Floyd Central High School (KY):
Neglecting the story of innovation in eastern Kentucky
By Chad Bates
Eastern Kentucky, a beautiful and engaging region based in the heart of Appalachia, is often negatively portrayed in the media. Stories told about this area often overlook important and positive stories about the region. One of those overlooked stories is the innovation in the area, despite the loss of the coal industry. Even though the eastern Kentucky coal industry — which was a major part of this region’s economy — is practically dead, this does not stop us from finding ways to innovate in education, and to bring new industries to boost the morale and livelihood of this community.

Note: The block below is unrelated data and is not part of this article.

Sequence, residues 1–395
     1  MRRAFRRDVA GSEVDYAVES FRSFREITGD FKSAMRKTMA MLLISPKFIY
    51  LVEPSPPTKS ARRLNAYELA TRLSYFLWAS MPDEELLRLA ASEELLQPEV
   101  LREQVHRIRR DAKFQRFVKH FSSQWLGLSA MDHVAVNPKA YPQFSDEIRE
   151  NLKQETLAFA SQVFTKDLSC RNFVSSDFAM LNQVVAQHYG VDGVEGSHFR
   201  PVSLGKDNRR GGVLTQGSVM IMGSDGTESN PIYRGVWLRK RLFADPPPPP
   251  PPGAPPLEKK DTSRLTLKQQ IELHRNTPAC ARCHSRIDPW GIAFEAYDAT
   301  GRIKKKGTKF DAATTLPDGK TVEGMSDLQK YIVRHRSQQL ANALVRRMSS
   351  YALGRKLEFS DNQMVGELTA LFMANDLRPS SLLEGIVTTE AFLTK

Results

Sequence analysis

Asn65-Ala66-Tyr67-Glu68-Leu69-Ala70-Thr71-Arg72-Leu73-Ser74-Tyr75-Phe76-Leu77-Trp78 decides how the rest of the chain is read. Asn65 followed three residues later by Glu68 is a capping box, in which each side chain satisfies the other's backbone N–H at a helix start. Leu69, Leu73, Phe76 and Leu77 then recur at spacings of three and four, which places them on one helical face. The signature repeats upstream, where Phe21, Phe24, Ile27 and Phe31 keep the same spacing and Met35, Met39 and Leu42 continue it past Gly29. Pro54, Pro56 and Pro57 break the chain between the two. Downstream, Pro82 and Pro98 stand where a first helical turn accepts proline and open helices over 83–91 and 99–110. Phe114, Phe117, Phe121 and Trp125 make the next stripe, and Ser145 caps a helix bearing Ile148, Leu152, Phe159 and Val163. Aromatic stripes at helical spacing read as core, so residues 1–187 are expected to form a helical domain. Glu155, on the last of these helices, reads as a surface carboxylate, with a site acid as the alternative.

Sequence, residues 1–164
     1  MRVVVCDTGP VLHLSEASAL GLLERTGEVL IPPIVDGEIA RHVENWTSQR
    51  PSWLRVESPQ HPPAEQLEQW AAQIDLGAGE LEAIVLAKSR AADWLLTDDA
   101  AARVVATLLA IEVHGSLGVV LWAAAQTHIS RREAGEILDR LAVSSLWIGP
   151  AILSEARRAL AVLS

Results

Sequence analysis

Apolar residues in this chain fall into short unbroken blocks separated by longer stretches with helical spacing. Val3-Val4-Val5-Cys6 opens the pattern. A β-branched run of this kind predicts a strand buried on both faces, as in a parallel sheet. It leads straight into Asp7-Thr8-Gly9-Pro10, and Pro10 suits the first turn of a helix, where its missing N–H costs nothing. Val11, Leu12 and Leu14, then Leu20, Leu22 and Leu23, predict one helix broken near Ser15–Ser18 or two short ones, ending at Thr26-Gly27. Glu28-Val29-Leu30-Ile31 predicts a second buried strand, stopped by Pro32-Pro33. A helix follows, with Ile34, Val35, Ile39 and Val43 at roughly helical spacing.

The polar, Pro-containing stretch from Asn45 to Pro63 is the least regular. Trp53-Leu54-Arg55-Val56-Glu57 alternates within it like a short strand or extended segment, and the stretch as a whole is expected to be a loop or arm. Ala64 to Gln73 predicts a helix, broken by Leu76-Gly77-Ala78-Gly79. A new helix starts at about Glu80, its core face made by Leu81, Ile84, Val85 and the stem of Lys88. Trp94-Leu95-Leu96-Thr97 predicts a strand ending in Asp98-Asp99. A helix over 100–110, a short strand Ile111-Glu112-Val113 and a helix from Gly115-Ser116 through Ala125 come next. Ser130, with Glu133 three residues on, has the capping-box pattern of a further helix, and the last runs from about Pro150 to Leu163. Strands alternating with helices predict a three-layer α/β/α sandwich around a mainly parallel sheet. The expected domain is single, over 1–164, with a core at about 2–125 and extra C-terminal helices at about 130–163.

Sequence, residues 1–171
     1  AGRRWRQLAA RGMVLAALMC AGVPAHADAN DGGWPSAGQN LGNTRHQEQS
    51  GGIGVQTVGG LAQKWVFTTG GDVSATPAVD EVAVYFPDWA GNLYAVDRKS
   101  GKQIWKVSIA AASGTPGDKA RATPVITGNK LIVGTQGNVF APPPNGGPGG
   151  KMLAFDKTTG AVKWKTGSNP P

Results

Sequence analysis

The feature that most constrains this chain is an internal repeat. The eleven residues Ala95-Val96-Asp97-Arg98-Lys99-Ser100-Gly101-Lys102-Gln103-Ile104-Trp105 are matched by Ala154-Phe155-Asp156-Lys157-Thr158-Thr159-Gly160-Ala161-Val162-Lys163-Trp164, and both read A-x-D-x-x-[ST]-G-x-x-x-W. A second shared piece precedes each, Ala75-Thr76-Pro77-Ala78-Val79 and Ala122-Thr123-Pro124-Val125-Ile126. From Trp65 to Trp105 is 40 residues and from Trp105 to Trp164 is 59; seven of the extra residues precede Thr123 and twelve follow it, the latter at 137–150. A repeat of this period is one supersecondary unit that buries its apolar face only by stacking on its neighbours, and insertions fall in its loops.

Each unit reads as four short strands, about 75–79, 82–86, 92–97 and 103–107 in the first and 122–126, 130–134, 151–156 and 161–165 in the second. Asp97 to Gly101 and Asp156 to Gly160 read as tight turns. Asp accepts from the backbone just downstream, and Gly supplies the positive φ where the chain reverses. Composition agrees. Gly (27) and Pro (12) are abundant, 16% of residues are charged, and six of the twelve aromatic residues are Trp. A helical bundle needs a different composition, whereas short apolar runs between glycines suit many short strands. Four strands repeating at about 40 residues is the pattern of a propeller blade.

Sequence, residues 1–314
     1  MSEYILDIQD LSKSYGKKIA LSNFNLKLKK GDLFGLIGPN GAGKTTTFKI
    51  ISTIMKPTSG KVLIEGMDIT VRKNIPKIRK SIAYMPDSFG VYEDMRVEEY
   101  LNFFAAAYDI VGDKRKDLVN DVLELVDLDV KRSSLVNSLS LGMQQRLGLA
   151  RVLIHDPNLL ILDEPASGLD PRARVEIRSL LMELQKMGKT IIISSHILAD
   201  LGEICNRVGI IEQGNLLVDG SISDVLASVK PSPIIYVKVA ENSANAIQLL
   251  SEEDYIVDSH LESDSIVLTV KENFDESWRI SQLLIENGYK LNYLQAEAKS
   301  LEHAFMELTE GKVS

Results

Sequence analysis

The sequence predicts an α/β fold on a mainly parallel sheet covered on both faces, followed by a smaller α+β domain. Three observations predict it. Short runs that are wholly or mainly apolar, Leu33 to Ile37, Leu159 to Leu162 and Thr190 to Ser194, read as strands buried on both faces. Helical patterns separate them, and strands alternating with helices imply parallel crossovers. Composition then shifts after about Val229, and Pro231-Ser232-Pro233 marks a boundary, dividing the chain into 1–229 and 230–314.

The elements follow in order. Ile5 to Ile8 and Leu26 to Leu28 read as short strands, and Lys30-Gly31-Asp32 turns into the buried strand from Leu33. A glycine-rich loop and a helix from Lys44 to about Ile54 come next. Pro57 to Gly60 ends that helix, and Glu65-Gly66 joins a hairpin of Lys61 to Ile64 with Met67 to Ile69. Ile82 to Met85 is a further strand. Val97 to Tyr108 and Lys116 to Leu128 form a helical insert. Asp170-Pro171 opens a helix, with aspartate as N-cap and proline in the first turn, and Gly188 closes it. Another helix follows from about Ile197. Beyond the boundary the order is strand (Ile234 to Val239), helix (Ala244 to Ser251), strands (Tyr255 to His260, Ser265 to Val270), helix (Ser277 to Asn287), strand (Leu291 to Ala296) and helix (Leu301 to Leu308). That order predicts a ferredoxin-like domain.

In education, the region has moved forward with technology and with opportunities for advanced high school students to take college classes. In my county, there is a program that was only implemented three years ago, in which every fifth-grader receives his or her own personal laptop for schoolwork. It gives all students access to technology; it makes assignments easier and lets students access an unimaginable amount of information. For older students, there is the Floyd County Early College Academy. This program is lets advanced juniors and seniors in Floyd County attend classes at Big Sandy Community and Technical College. The program allows these students to take a step ahead of other high school students across the state by taking college classes as juniors and seniors in high school.